Did we panic? No, this was a very Zimbabwean coup
It was a regular day for me: the gym in the morning and a bout of afternoon procrastination, until a WhatsApp message from my sister in America about the tanks. She’d heard on the BBC that military tanks had started to appear on the streets of Harare.
This news should have alarmed me, but I didn’t believe it. Then the videos started coming through, from people who had stopped by the roadside to record an extraordinary sight. We scrolled through Twitter.
OK, so this was real. What to do? My sister and family members abroad went into full panic mode, advising us to move to somewhere safer. Had we stocked up on food? We told them not to worry, we would be fine.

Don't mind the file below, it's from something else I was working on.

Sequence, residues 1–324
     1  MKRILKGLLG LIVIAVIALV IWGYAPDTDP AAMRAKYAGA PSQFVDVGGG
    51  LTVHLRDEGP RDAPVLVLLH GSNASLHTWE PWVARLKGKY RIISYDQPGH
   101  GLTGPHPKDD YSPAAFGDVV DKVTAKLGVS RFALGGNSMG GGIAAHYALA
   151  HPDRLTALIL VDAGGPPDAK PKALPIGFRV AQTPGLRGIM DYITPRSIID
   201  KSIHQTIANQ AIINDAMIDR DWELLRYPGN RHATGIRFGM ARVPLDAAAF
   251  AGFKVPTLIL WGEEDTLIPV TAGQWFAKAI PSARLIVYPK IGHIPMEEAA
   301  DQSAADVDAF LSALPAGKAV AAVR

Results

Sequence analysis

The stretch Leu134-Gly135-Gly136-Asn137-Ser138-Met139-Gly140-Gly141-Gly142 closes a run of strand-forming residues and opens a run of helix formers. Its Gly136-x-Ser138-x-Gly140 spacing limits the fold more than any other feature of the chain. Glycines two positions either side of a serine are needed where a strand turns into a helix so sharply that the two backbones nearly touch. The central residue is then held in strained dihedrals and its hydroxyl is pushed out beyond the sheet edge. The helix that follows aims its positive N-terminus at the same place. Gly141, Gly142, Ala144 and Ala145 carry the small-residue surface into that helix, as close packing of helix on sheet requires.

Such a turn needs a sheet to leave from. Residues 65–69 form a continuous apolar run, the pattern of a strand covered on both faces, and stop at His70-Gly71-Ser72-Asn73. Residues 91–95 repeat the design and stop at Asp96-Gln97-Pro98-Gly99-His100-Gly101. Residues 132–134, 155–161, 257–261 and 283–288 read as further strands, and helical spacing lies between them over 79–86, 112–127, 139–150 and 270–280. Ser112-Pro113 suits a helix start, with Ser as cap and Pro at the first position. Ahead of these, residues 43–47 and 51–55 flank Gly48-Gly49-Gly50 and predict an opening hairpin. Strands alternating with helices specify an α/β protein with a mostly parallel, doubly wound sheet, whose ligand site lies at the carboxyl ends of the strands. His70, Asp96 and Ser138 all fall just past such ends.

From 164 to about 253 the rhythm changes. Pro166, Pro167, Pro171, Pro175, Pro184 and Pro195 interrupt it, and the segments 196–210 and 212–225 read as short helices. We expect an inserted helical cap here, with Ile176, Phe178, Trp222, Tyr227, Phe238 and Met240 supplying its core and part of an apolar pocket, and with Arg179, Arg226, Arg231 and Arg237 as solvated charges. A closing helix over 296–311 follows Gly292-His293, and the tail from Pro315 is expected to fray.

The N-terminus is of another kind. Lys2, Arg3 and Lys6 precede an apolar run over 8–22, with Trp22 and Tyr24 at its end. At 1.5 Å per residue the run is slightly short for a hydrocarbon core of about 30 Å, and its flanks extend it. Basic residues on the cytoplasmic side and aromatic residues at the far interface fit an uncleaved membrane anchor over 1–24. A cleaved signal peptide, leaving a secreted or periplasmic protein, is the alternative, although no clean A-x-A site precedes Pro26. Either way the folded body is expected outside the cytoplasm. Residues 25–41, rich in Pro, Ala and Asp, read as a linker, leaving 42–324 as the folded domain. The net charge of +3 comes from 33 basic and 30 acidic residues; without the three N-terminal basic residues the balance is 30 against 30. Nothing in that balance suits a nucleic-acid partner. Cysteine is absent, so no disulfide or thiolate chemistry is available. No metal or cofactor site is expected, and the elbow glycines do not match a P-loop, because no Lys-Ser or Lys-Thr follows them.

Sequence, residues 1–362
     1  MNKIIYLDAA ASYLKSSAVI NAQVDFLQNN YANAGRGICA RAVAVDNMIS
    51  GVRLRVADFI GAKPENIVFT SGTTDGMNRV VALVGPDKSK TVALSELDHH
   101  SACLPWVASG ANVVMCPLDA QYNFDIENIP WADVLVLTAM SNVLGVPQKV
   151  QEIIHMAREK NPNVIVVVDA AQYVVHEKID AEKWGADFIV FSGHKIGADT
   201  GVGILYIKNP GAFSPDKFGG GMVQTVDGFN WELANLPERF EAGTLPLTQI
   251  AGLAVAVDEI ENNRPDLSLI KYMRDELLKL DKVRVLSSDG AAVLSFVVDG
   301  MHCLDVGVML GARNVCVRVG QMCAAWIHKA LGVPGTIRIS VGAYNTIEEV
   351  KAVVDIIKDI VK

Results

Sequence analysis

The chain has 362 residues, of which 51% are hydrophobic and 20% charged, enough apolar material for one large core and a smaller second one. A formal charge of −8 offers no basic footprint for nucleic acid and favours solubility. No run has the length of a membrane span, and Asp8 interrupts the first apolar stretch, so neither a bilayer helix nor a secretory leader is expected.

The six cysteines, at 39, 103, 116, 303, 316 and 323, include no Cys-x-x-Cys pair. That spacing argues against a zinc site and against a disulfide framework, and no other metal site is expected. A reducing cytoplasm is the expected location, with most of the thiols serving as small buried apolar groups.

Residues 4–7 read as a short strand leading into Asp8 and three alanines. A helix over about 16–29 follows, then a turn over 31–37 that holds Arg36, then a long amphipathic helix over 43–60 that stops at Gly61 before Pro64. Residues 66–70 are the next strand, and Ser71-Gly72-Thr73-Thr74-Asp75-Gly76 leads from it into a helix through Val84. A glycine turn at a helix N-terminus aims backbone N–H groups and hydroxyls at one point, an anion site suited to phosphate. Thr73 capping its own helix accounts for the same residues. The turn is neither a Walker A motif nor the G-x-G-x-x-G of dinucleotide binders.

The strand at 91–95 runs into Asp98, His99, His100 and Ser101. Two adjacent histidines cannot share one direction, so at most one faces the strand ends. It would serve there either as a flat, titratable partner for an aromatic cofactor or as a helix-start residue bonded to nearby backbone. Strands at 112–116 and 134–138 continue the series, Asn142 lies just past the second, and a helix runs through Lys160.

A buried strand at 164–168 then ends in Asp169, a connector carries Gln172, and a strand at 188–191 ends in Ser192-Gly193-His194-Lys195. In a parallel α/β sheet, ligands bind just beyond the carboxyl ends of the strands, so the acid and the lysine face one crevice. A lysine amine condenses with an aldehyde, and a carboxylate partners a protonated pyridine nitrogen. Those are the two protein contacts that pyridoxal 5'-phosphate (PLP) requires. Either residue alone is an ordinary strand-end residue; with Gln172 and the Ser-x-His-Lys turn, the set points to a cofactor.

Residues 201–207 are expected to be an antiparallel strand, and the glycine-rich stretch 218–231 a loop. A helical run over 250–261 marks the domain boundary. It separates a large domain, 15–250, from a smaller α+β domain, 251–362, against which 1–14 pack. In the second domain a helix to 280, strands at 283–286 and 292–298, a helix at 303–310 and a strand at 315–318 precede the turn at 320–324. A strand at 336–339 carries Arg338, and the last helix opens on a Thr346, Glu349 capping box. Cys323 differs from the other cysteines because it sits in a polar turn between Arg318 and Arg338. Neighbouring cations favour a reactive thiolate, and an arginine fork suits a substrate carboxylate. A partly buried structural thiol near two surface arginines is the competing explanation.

Three days on, I wonder if any of us in Zimbabwe, besides those directly involved, felt a single moment of panic. We live 30 minutes’ drive out of Harare and that is enough to count as far away – and anyway, I know several ways out of my neighbourhood, so no worries there.
Incredibly, we all went to bed untroubled and a little excited. Because here’s the thing. Politics in Zimbabwe has occupied a space so far removed from our regular lives that it has become a kind of spectator sport for us. Read More
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